Face ID offers the highest existing standard of security - but how on earth does Apple manage such wizardry? It's all about 2 sensors, a projector and a camera at the front of your iPhone X.
There’s little doubt that the arrival of iPhone X was the crowning glory of 2017’s already impressive lineup of handset launches.
While eyebrows were most definitely raised at the supercharged A11 Bionic Chip, 5.8″ Super Retina HD display and equally impressive screen-to-body ratio, it was the more dynamic features that really got us gasping.
The addition of Portrait Mode to the front camera answered a longstanding prayer from selfie lovers and the idea of Animoji tickled us enormously. Finally, the unveiling of Face ID blew our goshdarned socks clean off.
All of these innovations were made possible by Apple’s addition of a True Depth camera system to the front of the iPhone X – a combination of sensors, a light projector and a camera that gets to know your face better than your own mother (best keep that nugget to yourself, though).
Bringing with it the lowest existing possibility of someone else being able to operate your phone, Face ID allows you to verify purchases with Apple Pay, and adjust how your phone works to suit your needs.
For example, if your iPhone X senses you’re still looking at it, then it will lower the volume on your alerts. If it senses you’re not looking at it, it will dim its screen (a great battery saver, that).
How does iPhone X map my face?
The front of your X has a ridiculous number of little lenses at the front (they spoil us, they really do). Among these, you’ll find 2 sensors, a light projector and a camera – and it’s these 4 that make up the ‘True Depth’ camera system.
First up, the Ambient Light Sensor and Proximity Sensor work together to check if you’re nearby and gauge what kind of light would be needed to detect your face. So if it’s the middle of the night, or if you’re sitting on a beach at midday, it’ll adjust itself accordingly.
Next, a Dot Projector shoots out over 30,000 dots of infrared light onto your face. Each one will have to travel a different distance to hit the contours of your face.
These dots are there to be captured by the fourth lens – the Infrared Camera. It measures the gaps between those dots and it’s this information that the A11 Bionic Chip uses to map the contours of your face. The odds of someone else having these exact same measurements is a staggering 1,000,000 to 1.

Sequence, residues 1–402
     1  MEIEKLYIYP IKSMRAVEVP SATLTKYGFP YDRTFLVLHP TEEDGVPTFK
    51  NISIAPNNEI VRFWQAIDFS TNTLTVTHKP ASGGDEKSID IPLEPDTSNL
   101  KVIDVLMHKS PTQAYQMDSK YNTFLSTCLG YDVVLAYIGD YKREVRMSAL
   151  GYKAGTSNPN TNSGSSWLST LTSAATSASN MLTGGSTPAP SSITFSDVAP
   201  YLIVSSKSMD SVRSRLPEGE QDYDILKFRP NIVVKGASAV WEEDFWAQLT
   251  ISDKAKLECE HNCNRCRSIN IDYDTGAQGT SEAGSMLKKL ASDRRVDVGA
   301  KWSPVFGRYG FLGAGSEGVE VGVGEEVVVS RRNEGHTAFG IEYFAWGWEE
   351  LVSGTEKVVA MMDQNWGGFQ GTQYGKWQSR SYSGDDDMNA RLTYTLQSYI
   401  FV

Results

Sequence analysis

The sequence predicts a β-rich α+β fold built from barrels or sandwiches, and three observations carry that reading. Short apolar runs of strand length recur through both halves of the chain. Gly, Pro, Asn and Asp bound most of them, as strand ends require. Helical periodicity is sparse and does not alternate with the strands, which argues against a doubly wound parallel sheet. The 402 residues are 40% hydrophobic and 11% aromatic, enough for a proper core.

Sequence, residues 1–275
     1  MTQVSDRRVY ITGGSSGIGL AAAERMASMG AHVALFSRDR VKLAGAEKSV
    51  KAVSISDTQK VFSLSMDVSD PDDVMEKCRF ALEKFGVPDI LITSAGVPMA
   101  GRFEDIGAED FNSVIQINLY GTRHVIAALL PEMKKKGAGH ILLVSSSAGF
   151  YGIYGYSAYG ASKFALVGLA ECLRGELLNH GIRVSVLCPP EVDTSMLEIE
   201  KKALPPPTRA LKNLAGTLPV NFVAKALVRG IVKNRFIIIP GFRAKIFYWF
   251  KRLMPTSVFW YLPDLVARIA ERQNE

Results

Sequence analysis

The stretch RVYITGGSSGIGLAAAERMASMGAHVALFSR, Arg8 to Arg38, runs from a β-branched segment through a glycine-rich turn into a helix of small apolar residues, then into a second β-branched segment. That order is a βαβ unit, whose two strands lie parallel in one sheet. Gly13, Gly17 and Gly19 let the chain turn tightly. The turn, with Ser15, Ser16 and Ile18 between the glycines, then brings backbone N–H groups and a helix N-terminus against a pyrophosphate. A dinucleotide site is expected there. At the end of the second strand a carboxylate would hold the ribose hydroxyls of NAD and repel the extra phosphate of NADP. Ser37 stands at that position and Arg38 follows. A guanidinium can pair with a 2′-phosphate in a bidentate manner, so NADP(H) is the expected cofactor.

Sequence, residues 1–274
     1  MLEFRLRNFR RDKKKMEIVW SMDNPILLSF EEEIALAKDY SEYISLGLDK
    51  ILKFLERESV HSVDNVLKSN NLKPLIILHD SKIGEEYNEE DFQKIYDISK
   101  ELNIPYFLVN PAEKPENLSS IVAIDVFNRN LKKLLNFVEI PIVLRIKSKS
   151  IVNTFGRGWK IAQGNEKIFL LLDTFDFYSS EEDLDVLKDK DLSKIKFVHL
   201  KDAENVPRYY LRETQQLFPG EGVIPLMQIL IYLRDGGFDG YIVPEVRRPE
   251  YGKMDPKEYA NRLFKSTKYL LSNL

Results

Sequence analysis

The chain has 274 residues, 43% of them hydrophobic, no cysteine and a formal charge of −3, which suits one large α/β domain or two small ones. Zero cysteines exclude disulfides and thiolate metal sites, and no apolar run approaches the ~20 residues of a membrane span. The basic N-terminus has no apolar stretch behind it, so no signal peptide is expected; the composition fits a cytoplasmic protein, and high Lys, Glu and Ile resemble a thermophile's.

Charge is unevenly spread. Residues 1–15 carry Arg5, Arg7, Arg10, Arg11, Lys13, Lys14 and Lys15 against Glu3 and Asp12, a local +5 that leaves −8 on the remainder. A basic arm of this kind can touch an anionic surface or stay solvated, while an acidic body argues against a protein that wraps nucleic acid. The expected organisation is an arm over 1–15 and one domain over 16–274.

What if my face changes?
If you were to shave off your great big bushy beard, get a mad nose piercing or simply fall prey to the age-old grandparental scam of ‘Got Your Nose’, the system may decide your face is too different to the one it has in its records. If it’s not happy with what it’s seeing it will lock after 5 attempts.
You can simply unlock the phone using your passcode – and if your phone decides there’s enough of a similarity in your ‘before’ and ‘after’ info it will then revise its existing records with your new facial details.
Can it be tricked?
Say someone were to hover your iPhone X over your face as you slept – the system would detect that your eyes weren’t open and would keep itself locked (this feature can be switched off for users who are blind or have low vision).
If someone showed the iPhone X a picture of your face, they’d get kicked out faster than a costumed stag party trying to enter a high-end cocktail bar. Why? Well, those clever infrared dots would only show a flat surface.
If someone made a mask of your face, the infrared camera on your phone can detect the difference between skin and… not skin.
Ultimately, the only hurdle you might have with Face ID would be if you have a really nosy identical twin. If this is the case, or if there’s any other reason you don’t want to use your face to unlock your phone, you can turn it off and stick to using the passcode – no biggie.
Can it be hacked?
When your face is scanned, that unique information doesn’t even go to Apple – it stays on a mega-secure separate chip on your iPhone. The only way someone could hack this information is if they access your phone. That’s got to be quite the Catch-22 for a hacker.